As a way to make sure that our HAVEN materials and curricula are age appropriate for tweens and teens, we created a Teen Advisory Council (TAC). TAC is comprised of several teens for local high schools, donating their time, opinions and talents with us. We invited TAC member Julia Nagy to blog for us about the very popular Twilight movie series. Great insights and though provoking for any of us with young people in our lives. Thanks Julia!
Fiction not Reality
Fans of the Twilight Saga are not only sinking their teeth into the books and movies, but they’re also biting into the idea of unhealthy relationships. We, HAVEN’s Teen Advisory Council, wanted to get the word out about Twilight’s portrayal of unhealthy relationships. We were planning to go to a theater and pass out bookmarks with information about healthy relationships. Unfortunately, the theatres that we contacted were not interested.
Even though our original plan has failed, that doesn’t take away from the fact that Twilight portrays unhealthy relationships and what’s worse, markets these unhealthy relationships to a young audience—tweens—that might not know what a healthy relationship is. Even teens for that matter might not have a full grasp of what a healthy relationship is.
“Oh, but Twilight portrays true love,” fans have argued. So, let’s take arranged marriages for example. Is being forced to marry someone true love? Imprinting (which is when a werewolf “imprints” on someone else, meaning that they are “destined” to be together) is just like an arranged marriage. Neither the werewolf nor the imprintee has a choice in the matter, and the werewolf sees to it that his “true love” never falls in love with anyone else. He steers the direction of her life down any path he wants. Healthy relationships are about choice, not control.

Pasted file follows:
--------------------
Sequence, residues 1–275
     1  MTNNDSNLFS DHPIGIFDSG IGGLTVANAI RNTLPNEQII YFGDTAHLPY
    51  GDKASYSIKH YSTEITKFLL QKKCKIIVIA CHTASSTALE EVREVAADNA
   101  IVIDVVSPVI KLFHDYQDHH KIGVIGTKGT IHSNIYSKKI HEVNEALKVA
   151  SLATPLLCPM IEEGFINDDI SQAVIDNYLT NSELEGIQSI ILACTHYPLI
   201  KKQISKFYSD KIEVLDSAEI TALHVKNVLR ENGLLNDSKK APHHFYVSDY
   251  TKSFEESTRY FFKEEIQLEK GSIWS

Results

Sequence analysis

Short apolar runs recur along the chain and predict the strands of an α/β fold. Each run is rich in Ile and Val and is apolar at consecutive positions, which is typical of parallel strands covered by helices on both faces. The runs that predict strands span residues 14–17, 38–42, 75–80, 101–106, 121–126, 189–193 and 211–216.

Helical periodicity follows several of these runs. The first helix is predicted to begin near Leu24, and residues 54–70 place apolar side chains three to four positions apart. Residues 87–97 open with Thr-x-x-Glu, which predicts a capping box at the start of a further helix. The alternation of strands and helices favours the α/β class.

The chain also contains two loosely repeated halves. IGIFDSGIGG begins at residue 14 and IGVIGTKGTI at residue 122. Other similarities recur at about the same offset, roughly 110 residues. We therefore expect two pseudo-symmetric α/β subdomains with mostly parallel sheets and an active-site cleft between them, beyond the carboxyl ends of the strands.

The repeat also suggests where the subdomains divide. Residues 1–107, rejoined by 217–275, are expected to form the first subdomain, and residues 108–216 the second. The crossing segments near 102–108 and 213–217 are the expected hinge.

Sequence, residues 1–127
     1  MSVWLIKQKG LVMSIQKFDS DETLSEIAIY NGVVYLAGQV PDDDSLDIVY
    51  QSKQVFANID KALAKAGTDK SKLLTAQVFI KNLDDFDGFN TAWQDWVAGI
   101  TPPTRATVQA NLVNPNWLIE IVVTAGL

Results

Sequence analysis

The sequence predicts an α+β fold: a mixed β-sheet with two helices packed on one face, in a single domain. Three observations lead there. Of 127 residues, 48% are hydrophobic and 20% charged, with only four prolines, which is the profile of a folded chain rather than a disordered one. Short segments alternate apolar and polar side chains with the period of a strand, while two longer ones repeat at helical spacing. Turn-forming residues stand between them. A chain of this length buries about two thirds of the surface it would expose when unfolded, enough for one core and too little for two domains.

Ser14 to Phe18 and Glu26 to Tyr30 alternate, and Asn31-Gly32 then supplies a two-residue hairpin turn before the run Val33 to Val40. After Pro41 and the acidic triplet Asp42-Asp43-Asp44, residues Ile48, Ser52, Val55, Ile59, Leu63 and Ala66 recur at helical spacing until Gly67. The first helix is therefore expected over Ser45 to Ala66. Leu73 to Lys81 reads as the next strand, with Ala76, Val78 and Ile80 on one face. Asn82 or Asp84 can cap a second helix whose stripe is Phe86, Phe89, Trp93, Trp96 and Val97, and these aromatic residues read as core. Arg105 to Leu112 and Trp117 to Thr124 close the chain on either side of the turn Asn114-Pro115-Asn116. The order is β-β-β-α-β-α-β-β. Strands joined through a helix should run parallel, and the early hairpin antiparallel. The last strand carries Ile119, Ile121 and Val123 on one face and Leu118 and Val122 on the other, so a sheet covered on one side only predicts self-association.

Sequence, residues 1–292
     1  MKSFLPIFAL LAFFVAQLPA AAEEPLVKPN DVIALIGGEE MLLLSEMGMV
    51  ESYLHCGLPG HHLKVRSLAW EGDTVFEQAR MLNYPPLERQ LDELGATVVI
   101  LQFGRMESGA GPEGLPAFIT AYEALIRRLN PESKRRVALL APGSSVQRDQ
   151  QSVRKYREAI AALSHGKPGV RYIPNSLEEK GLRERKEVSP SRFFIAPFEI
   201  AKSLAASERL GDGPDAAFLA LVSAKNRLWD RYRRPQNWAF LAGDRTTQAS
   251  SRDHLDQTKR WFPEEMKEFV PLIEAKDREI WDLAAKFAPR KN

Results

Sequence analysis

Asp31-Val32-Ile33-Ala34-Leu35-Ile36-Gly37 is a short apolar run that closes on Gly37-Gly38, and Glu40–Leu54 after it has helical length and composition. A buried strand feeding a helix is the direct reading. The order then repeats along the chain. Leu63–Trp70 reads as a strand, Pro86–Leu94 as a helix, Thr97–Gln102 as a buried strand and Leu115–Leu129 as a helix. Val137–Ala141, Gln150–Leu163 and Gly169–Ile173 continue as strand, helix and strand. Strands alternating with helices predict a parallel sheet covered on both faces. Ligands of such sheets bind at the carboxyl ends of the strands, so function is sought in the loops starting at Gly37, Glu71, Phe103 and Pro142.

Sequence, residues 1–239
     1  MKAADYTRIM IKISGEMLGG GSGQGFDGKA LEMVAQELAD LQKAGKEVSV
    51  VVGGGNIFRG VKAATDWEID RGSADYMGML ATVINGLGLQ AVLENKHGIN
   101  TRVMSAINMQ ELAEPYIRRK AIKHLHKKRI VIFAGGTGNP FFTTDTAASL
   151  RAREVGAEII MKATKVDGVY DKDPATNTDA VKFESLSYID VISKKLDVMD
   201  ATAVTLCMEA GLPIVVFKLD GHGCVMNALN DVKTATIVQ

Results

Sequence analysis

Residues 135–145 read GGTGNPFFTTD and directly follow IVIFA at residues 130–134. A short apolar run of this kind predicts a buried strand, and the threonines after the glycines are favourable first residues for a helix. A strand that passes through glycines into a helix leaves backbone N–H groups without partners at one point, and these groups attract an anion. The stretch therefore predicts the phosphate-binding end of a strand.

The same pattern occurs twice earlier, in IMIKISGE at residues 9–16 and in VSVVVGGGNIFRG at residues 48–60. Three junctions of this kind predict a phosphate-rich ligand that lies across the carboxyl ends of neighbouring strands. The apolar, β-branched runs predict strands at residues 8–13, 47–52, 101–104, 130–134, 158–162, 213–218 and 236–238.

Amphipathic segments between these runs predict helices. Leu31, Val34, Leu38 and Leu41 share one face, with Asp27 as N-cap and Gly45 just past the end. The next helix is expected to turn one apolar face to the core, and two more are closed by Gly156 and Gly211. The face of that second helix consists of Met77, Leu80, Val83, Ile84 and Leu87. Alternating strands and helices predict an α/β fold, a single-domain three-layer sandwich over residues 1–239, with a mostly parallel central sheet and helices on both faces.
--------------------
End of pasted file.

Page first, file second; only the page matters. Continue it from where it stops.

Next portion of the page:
Twilight shows that “true love” is about control and power and, at times, stalking. Edward and Bella, the book’s central couple, apparently are experiencing “true love.” However, it’s not true love when Edward climb’s into Bella’s room without her knowledge or consent and watches her sleep. It’s not true love when Edward disables Bella’s car so she can’t visit the people she wants to see. It’s not true love when Bella is so dependent on Edward that when he leaves, she throws herself into suicidal situations to see him.
We want to spread the message that the relationships portrayed in these films and books involve control, power, and jealousy. Abuse is not love. A healthy relationship is about equality, mutual respect, and trust. But how can a young girl or boy realize this, when the book their reading equates “true love” to an abusive relationship?
One in three teens will be a victim of dating violence, and what will happen to that statistic when these Twilight tweens become teens? Will it be one in two teens? Will it be all teens?
Everyone has the right to enjoy and read what they want to, that includes Twilight. However, we believe that there needs to be a conversation about the unhealthy relationships illustrated in the series. There’s a difference between fiction and reality, and in Twilight’s case, I hope that fiction doesn’t become reality.